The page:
Review of Reviews,  4 (1891), 213–24.

The Progress of the World



Regular Feature, Editorial, News-Commentary

Relevant illustrations:

table, eng.


Steamships, Military Technology, Public Health, Sanitation, Medical Practitioners, Error, Progress, Sex, Astronomy, Spectroscopy, Photography, Creation, Psychical Research, Scientific Practitioners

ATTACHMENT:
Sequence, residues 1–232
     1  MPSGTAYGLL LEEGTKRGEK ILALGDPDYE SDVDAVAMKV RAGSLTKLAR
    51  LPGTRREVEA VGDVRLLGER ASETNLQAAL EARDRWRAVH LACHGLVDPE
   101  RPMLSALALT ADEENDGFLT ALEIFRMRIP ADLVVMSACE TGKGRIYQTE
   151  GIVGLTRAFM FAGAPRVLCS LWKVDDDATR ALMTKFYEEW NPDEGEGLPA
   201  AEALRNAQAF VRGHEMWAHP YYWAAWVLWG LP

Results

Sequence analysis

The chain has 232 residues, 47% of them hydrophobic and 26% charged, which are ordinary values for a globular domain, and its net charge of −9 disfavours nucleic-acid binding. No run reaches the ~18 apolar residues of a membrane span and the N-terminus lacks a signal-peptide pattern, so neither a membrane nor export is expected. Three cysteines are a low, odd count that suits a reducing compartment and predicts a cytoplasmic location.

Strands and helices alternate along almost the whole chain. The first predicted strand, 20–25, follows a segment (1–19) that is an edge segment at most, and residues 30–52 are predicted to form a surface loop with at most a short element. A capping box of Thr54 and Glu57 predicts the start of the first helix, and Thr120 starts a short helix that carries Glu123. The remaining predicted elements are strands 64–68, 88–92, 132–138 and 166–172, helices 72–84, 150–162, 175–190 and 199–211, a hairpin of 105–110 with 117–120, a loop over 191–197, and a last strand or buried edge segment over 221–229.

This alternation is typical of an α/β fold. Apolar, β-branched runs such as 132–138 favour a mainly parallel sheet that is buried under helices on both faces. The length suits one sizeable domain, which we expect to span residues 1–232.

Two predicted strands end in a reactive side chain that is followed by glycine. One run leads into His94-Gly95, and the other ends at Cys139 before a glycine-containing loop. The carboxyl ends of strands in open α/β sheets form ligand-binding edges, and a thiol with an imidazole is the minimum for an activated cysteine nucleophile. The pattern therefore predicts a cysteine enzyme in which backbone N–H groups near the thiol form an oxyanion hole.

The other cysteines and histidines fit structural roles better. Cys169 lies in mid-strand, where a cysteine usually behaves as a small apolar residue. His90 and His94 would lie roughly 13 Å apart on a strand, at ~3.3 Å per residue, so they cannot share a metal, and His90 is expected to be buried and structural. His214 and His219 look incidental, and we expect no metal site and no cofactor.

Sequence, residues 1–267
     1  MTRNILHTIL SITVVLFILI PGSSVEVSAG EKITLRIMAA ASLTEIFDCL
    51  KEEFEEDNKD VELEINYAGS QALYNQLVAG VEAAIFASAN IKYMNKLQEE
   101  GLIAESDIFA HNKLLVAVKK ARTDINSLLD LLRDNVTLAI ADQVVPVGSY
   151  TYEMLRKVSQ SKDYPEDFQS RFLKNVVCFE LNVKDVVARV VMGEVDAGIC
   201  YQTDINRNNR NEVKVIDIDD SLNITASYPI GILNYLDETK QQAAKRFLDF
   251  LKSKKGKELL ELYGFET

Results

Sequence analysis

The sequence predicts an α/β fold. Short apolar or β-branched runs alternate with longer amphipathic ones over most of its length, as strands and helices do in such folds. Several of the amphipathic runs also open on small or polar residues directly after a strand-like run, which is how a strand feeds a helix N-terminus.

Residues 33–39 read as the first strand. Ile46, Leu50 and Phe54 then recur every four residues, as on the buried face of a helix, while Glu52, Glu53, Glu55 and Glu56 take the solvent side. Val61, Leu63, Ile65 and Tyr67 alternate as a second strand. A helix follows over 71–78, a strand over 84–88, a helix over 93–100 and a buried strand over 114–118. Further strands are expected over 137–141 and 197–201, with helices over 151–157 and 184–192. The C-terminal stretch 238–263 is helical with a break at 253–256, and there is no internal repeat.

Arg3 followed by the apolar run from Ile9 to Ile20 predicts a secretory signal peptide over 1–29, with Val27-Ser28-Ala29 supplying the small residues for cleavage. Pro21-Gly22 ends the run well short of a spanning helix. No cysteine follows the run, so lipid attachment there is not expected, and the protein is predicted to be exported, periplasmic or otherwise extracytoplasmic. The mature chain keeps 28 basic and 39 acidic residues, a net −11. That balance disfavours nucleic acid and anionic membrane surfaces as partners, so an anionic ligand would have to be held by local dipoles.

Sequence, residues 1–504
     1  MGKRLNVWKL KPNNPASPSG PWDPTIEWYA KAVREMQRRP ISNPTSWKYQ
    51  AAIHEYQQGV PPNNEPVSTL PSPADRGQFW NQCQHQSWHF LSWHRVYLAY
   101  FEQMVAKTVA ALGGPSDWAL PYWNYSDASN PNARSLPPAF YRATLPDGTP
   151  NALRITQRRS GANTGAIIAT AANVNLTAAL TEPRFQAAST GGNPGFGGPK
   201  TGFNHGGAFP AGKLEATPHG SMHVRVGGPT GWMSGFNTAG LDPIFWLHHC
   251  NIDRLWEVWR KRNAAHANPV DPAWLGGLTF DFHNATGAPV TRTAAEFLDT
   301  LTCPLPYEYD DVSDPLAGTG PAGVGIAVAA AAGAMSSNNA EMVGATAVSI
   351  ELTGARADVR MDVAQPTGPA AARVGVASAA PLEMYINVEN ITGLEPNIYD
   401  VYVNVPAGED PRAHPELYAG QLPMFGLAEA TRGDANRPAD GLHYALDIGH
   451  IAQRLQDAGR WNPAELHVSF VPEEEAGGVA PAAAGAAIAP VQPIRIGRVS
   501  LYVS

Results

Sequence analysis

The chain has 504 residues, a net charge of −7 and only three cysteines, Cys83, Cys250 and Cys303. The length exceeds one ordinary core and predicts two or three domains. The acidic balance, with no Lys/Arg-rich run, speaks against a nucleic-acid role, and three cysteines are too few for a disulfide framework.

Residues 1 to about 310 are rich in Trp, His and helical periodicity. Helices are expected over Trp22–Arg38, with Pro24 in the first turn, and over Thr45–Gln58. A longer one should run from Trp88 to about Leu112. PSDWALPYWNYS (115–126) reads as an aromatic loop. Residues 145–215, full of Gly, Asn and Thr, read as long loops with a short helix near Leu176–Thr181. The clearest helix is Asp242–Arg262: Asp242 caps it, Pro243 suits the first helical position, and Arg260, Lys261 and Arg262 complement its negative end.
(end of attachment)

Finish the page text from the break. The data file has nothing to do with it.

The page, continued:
Recent naval manoeuvres have created 'grave doubts as to the efficacy alike of the torpedo and the defensive netting provided against torpedo attack', and it seems likely that this nautical 'crinoline will be discarded in naval warfare' (216). In reporting Prince Edward's call for the prevention of disease through improved sanitation, insists that we must not become the 'bondslaves of the doctors' and 'sacrifice the liberty of all in order to save a few from the inconvenience of ill-health'. After all, in almost every age doctors 'have committed themselves to blunders which have made them the laughing-stock of their own profession in the next generation'. Although the medical profession has 'undoubtedly a splendid record of achievement to show as the result of improved sanitation', their 'greatest blunder [...] in this generation' has been the Contagious Diseases Act which attempted to eliminate 'syphilis by legislation' but instead only served to 'give an enormous stimulus to the vice by which it is propagated'. (221) With this ill-conceived piece of legislation doctors became 'the New Inquisitors'. At the meeting of the British Association for the Advancement of Science at Cardiff, William Huggins's presidential address described 'discoveries made in the starry heavens by the use of the spectroscope'. Although his account was not 'popularly intelligible', it left upon 'the mind a sense of the creative process of the first book of Genesis being endlessly renewed before our eyes in the star-sown deep of space'. At the same meeting 'one of the Presidents of the Parliament of Science [i.e. Oliver J Lodge] ventured mildly but firmly to enter his protest against the monstrous anti-scientific superstition of most men of science, that the occult phenomena of thought transference, clairvoyance and the like, ought not to be investigated'. At last, it seems that 'Light is breaking even in the darkest places of scientific arrogance and know-nothingism'. (222).

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